On the Cognitive Processes of Human Perception with Emotions, Motivations, and Attitudes

On the Cognitive Processes of Human Perception with Emotions, Motivations, and Attitudes

Yingxu Wang (University of Calgary, Canada)
Copyright: © 2009 |Pages: 13
DOI: 10.4018/978-1-60566-088-2.ch008
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An interactive motivation-attitude theory is developed based on the Layered Reference Model of the Brain (LRMB) and the object-attributerelation (OAR) model. This paper presents a rigorous model of human perceptual processes such as emotions, motivations, and attitudes. A set of mathematical models and formal cognitive processes of perception is developed. Interactions and relationships between motivation and attitude are formally described in real-time process algebra (RTPA). Applications of the mathematical models of motivations and attitudes in software engineering are demonstrated. This work is a part of the formalization of LRMB, which provides a comprehensive model for explaining the fundamental cognitive processes of the brain and their interactions. This work demonstrates that the complicated human emotional and perceptual phenomena can be rigorously modeled and formally treated based on cognitive informatics theories and denotational mathematics.
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A variety of life functions and cognitive processes has been identified in cognitive informatics (Wang, 2002a, 2003a, 2003b, 2007b) and cognitive psychology (Payne & Wenger, 1998; Pinel, 1997; Smith, 1993; Westen, 1999; Wilson & Keil, 1999). In order to formally and rigorously describe a comprehensive and coherent set of mental processes and their relationships, an LRMB has been developed (Wang & Wang, 2006; Wang, Wang, Patel, & Patel, 2006) that explains the functional mechanisms and cognitive processes of the brain and the natural intelligence. LRMB encompasses 39 cognitive processes at six layers known as the sensation, memory, perception, action, meta and higher cognitive layers from the bottom up.

Definition 1: Perception is a set of internal sensational cognitive processes of the brain at the subconscious cognitive function layer that detects, relates, interprets, and searches internal cognitive information in the mind.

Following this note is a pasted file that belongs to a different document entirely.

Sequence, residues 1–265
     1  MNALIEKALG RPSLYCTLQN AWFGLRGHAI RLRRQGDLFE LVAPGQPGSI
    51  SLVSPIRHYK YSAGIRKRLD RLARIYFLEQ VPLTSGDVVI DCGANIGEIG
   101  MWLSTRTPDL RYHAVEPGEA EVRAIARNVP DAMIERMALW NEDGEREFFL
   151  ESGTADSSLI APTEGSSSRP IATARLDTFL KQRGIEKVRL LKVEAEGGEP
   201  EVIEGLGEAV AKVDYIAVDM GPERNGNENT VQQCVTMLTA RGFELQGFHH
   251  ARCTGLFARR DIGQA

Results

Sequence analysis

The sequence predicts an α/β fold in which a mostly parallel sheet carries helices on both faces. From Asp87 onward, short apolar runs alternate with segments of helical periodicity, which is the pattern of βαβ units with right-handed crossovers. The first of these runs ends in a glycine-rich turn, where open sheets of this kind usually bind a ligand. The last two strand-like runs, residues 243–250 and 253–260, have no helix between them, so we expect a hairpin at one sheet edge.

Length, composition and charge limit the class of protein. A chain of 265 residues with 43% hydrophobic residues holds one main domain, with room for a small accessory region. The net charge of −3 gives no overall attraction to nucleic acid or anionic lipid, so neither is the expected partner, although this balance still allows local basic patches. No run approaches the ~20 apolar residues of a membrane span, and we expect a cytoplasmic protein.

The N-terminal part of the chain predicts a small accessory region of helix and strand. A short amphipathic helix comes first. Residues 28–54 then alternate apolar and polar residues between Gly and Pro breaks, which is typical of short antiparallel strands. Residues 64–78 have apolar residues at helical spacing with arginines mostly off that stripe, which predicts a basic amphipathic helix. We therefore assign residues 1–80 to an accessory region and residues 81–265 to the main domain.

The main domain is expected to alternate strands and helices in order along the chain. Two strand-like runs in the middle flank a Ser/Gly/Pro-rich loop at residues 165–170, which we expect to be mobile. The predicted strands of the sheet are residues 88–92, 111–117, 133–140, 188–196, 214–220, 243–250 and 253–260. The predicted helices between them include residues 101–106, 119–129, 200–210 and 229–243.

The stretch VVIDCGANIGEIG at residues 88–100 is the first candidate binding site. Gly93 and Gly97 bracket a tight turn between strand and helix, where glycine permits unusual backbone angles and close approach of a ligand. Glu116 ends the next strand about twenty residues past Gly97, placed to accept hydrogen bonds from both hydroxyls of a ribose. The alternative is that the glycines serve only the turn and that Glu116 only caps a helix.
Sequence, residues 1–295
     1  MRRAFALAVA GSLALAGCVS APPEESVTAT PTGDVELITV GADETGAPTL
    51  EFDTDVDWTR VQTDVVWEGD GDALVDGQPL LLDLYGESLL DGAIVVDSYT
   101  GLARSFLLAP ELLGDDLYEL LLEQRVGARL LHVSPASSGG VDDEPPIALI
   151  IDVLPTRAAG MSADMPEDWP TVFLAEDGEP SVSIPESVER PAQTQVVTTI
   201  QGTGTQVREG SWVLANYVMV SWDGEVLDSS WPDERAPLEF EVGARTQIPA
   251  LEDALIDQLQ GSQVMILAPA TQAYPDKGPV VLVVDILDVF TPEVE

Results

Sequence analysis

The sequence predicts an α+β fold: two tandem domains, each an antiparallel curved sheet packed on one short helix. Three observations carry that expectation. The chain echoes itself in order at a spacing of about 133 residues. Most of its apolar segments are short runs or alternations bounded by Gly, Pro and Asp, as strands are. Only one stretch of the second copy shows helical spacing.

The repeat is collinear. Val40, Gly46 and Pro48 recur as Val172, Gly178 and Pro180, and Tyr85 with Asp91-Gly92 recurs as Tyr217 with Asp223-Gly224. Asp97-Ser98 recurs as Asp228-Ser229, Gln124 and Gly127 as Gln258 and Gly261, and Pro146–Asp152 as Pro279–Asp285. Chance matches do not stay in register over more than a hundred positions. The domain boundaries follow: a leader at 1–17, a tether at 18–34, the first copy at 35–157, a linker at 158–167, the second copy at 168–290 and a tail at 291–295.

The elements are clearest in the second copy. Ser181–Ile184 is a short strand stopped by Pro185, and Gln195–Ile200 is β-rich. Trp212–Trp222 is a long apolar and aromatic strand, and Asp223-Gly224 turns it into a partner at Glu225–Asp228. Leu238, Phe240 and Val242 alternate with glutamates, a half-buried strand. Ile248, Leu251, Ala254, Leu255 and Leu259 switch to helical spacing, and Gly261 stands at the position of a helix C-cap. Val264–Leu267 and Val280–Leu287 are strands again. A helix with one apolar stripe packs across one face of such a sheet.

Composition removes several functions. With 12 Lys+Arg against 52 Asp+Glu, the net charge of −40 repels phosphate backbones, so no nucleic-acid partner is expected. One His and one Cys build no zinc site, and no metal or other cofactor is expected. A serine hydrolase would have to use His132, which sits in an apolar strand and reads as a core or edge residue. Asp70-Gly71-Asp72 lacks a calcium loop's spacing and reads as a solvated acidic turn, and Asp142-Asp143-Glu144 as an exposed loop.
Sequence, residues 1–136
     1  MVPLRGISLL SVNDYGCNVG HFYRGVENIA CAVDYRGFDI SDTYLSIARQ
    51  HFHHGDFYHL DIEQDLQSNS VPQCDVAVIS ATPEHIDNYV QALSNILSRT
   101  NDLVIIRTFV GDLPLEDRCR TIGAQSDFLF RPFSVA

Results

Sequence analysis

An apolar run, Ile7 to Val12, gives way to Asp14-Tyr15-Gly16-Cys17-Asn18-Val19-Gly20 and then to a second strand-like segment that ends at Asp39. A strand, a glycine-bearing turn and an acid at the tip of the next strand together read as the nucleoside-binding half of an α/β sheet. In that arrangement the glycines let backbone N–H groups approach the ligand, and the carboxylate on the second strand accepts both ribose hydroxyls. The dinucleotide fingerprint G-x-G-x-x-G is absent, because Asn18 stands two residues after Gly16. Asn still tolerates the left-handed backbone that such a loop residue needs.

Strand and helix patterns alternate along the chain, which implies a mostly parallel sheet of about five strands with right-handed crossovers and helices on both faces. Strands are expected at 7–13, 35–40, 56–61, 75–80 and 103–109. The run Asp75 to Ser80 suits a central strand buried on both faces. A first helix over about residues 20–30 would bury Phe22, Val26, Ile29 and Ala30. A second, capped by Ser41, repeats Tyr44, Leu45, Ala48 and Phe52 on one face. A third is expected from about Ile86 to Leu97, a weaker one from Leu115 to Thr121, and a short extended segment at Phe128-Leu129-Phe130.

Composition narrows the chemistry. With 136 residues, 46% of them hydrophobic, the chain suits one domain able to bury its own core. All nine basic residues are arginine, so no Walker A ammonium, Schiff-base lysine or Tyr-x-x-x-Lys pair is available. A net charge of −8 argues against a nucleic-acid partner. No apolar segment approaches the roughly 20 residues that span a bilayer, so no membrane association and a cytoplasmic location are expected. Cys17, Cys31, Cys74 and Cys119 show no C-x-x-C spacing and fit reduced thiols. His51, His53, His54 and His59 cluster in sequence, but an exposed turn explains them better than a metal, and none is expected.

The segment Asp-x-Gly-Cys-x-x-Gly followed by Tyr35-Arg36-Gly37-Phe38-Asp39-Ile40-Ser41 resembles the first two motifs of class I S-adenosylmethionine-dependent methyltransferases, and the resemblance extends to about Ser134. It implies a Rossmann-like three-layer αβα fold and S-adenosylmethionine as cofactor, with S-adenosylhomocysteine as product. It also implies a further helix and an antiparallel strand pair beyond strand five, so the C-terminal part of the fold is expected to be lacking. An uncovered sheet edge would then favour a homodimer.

Perception may be considered as the sixth sense of human beings since almost all cognitive life functions rely on it. Perception is also an important cognitive function at the subconscious layers that determines personality. In other words, personality is a faculty of all subconscious life functions and experience cumulated via conscious life functions. It is recognized that a crucial component of the future generation computers known as the cognitive computers is the perceptual engine that mimic the natural intelligence (Wang, 2006a, 2007c).

The main cognitive processes at the perception layer of LRMB are emotion, motivation, and attitude (Wang et al., 2006). This article presents a formal treatment of the three perceptual processes, their interrelationships, and interactions. It demonstrates that complicated psychological and cognitive mental processes may be formally modeled and rigorously described. Mathematical models of the psychological and cognitive processes of emotions, motivations, and attitudes are developed in the following three sections. Then, interactions and relationships between emotions, motivations, and attitudes are analyzed. Based on the integrated models of the three perception processes, the formal description of the cognitive processes of motivations and attitudes will be presented using RTPA (Wang, 2002b, 2003c, 2006b, 2007a). Applications of the formal models of emotions, motivations, and attitudes will be demonstrated in a case study on maximizing strengths of individual motivations in software engineering.


The Hierarchical Model Of Emotions

Emotions are a set of states or results of perception that interprets the feelings of human beings on external stimuli or events in the binary categories of pleasant or unpleasant.

Definition 2: An emotion is a personal feeling derived from one’s current internal status, mood, circumstances, historical context, and external stimuli.

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